Red planet under fire in proposed mission.
Scientists have had a smashing idea that could help them explore beneath Mars's dusty surface. Slamming a hefty chunk of copper into the planet should excavate enough material to reveal water ice or carbon-based chemicals lurking underground, according to a proposed NASA mission.
The idea follows the success of Deep Impact, a mission that fired a copper 'impactor' into comet Tempel 1, while its delivery craft recorded the whole show with an array of sensors (see ' Deep Impact: sifting through the debris').
The new mission takes exactly the same approach to Mars. Called THOR (Tracing Habitability, Organics and Resources), it would be the second of NASA's Mars scout missions, low-cost probes that are designed and built in just a few years. The first scout, Phoenix, is due to launch in August 2007.
THOR has been proposed by Phil Christensen, a planetary scientist at Arizona State University, Tempe, and David Spencer of the Jet Propulsion Laboratory in Pasadena, California.
Christensen estimates that the impactor should be about 100 kilograms or so, and hit the planet at more than 15,000 kilometres per hour. It is hoped this would make a crater roughly 50 metres in diameter, and up to 25 metres deep.
Meanwhile, its mother ship would look for ice, minerals and organic compounds thrown out by the crash.
A cunning plan
Christensen admits that it is a simple enough approach. "I guess there'll be a lot of people out there going, 'Why didn't I think of that'," laughs Christensen. But that simplicity should help to ensure the mission's success, he adds.
Keeping two rovers running around on Mars is a tremendous feat of engineering, but sending something that can burrow or drill is even more challenging, Christensen points out.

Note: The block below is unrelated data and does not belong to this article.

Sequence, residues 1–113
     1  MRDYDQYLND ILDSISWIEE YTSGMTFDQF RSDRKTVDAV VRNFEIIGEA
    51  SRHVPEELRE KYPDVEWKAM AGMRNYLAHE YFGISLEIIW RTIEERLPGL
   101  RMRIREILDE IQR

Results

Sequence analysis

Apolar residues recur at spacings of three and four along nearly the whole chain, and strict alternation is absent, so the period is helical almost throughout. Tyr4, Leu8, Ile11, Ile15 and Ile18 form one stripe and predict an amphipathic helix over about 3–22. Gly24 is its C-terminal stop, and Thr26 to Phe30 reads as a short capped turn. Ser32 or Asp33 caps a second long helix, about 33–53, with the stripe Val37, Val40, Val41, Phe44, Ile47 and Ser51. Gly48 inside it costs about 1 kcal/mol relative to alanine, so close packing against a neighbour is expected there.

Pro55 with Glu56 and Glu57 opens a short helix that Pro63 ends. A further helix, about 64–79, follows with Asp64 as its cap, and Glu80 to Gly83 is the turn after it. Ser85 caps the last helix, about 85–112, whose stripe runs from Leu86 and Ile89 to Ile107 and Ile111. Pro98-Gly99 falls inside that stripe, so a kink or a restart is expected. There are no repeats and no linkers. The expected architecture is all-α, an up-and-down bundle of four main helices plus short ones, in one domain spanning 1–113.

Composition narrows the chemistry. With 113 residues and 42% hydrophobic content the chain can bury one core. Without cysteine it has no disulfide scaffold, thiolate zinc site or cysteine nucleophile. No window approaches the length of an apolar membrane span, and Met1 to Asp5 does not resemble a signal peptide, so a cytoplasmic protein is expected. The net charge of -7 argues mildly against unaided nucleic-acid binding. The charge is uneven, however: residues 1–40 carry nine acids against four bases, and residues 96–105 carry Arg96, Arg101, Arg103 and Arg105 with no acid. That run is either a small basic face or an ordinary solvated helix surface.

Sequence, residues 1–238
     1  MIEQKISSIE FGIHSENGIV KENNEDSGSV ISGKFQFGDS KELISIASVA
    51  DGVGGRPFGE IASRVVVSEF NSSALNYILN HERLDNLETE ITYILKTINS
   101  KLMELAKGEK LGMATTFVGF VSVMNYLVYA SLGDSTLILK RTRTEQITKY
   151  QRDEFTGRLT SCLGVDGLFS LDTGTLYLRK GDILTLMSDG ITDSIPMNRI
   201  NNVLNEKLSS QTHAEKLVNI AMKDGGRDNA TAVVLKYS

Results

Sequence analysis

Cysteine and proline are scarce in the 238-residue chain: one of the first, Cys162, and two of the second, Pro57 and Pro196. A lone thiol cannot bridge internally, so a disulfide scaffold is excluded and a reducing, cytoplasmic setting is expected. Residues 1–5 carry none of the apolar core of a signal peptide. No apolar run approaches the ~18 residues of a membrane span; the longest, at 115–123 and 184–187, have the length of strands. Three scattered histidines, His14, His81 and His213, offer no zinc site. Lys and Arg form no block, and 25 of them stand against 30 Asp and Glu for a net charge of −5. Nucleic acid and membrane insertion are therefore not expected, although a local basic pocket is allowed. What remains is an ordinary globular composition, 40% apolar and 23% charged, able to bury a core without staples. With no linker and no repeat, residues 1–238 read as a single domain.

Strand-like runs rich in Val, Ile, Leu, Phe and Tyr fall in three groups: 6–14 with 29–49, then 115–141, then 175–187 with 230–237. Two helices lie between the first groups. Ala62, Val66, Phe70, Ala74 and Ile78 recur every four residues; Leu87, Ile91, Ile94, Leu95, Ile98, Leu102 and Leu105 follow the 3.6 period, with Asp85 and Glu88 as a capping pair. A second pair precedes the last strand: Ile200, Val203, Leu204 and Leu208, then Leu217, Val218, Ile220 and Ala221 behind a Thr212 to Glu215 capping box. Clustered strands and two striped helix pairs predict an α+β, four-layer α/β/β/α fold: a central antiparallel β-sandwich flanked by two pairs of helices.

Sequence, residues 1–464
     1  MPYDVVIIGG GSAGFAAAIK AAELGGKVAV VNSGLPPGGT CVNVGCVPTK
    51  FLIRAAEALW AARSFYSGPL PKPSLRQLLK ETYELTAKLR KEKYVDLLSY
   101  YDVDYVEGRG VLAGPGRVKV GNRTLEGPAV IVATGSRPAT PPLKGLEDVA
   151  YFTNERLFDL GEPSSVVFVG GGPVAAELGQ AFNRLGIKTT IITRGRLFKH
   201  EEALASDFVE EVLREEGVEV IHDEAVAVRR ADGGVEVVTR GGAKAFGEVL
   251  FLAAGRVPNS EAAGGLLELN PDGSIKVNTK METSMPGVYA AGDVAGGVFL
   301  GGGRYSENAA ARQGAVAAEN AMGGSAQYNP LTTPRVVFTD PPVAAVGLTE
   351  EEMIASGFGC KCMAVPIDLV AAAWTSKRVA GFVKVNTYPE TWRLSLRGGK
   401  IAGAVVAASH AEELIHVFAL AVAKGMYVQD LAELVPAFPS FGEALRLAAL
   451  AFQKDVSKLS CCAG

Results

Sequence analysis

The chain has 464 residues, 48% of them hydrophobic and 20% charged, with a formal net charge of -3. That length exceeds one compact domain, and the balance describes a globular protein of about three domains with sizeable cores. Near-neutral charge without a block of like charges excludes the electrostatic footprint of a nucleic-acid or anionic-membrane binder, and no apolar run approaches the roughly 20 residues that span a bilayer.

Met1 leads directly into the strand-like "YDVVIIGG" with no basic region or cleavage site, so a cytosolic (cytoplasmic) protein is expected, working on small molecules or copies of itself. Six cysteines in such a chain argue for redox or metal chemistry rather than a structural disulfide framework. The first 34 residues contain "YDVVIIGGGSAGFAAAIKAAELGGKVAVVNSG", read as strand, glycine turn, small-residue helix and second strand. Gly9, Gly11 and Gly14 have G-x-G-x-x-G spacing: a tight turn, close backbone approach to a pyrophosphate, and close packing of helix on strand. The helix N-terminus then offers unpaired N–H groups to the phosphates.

Moreover, exploring icy parts of the surface by rover carries the risk that a robot may accidentally seed a site with earthly life. Such a craft could generate enough heat to melt the ice, providing a miniature habitat for microbes.
An explosion of copper is so violent that it neatly avoids that risk, explains Christensen: "It's completely self-sterilizing."
The two investigators have a good track record for similar missions. Christensen already has four scientific instruments on or around Mars, and Spencer was mission manager for Deep Impact. Together they think they have a good shot at winning the go-ahead for their proposal. NASA scout missions are selected from a large pool of ideas in a knockout competition.
"We've made it through the first couple of rounds," says Christensen. This summer he and Spencer will go up against about 15 other proposals, after which three or four will be worked up into detailed mission plans. If THOR gets the nod, they plan to launch in 2011.
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